In fact I would add maybe just two or three combat options, and also limit the use of some of them (e.g. push back, mighty blow) to rounds following an attack you have won.

I also propose a simple rule for weapon reach, which I mentioned on a different thread: Attacking an opponent whose weapon has greater reach (e.g. dagger v sword, sword v. spear), you must win a combat round in order to close the distance, and can inflict damage only in subsequent attacks. If a combatant falls, slips or drops their weapon (due to a fumble), their opponent can chose to increase the distance again. Some weapons might even suffer a -1 penalty at close distance.

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Post by YMMV » Sat Jul 02, 2011 9:53 am

I was in fact thinking of something like MRQII's combat maneuvers as well as Dragon Age's stunts. They were my main inspirations going into this. Unfortunately, none of the ideas I came up with felt right when grafted onto AFF. Thankfully, there was a nugget of wisdom that I happened upon that led me to the solution I like the most at the moment. Following the example of the feint maneuver, I've developed a number of other actions that I've taken to calling Risky Maneuvers. In a few of these, there was need of figuring out the 'degree of success' of the attack, which for speed and ease I've decided to just use the third die that would be used for damage/armor. Also, to be clear, damage and armor are still used as normal, these just augment the attack like Feint does.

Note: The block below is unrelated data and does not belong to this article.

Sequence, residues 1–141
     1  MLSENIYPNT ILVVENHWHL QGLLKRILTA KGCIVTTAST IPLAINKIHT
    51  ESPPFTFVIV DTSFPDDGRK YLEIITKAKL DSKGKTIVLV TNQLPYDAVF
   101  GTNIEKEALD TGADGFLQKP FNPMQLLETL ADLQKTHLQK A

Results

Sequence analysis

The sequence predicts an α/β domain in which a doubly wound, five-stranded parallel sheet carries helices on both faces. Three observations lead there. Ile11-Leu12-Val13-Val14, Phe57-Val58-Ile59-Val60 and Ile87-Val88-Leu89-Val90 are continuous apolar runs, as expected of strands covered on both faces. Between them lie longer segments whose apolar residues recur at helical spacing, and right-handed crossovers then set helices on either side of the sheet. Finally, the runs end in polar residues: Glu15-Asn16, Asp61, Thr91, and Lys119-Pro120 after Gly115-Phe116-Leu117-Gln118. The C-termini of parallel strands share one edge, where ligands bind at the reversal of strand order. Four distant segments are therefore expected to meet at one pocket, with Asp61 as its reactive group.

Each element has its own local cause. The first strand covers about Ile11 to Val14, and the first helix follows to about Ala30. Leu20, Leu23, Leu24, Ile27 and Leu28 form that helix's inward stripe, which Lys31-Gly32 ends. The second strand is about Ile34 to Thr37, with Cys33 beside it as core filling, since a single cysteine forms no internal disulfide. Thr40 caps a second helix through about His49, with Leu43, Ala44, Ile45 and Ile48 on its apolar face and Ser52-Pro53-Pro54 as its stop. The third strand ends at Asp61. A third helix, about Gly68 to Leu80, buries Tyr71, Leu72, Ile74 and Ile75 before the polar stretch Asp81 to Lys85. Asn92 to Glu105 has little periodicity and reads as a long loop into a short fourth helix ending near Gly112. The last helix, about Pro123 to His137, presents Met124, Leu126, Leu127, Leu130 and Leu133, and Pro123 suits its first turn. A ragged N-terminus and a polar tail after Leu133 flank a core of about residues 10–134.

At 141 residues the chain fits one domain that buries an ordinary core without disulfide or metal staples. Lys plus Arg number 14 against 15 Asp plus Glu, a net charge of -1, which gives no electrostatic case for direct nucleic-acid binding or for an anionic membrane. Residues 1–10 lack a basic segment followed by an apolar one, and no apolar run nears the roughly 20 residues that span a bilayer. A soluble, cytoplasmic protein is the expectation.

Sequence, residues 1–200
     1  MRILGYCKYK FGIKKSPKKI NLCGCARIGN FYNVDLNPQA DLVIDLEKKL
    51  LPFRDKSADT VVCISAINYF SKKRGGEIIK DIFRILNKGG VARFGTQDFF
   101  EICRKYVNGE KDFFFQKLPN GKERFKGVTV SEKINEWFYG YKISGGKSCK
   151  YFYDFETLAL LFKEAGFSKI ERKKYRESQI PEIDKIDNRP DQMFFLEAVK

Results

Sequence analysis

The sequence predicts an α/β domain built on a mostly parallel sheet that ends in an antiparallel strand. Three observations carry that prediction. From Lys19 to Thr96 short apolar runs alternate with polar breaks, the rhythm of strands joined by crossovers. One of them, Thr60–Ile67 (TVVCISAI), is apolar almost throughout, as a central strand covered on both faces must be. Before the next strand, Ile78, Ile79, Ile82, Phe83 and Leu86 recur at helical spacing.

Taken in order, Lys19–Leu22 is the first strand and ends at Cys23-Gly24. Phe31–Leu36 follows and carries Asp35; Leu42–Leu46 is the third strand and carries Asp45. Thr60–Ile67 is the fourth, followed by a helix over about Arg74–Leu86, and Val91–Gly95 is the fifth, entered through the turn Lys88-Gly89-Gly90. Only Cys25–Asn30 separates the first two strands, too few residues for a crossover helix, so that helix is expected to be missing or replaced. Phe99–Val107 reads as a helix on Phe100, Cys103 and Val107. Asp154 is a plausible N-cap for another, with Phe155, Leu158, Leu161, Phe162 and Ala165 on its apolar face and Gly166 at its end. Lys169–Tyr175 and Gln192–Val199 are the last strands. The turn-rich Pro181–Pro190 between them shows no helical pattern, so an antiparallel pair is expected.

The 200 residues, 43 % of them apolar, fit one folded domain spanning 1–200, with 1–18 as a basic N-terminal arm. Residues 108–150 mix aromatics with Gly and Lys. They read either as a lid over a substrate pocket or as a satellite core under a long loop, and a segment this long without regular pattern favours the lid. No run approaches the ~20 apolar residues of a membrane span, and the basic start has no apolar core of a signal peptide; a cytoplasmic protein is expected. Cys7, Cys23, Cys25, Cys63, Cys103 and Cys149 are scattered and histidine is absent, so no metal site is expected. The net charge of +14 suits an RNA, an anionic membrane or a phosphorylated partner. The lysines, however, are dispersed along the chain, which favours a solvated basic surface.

Disarm:
In the brief moment when the weapons lock, either combatant could send the other weapon flying. Compare the degrees of both combat checks and whoever has the higher result disarms the other. How hard the weapon is to recover depends upon the difference of the degrees.
1-3: Weapon is nearby, and is recovered at the end of the next round
4-6: Weapon is beyond immediate reach, recovered at end of the 2nd round from now
7+: Weapon is lost behind enemy lines, cannot be recovered until end of combat

Skirmish:
Positioning can mean everything in combat, and this maneuver is used to put either yourself in a better position, or your opponent at some disadvantage. The winner of this combat round can either gain the difference (min. 1) as bonus to their next combat check against the target, or make the target suffer half the difference (min. 1) as a penalty to next action. How one achieves this positioning is left up to the player, whether its slipping under their guard, kicking sand in their face, whatever, as long as its entertaining.

Pierce Armor:
If the target loses, they must roll armor twice and take the lower roll. If the target wins, they may choose any Risky Maneuver to retaliate with as their opponent has left themselves open searching for the weak spot in the armor.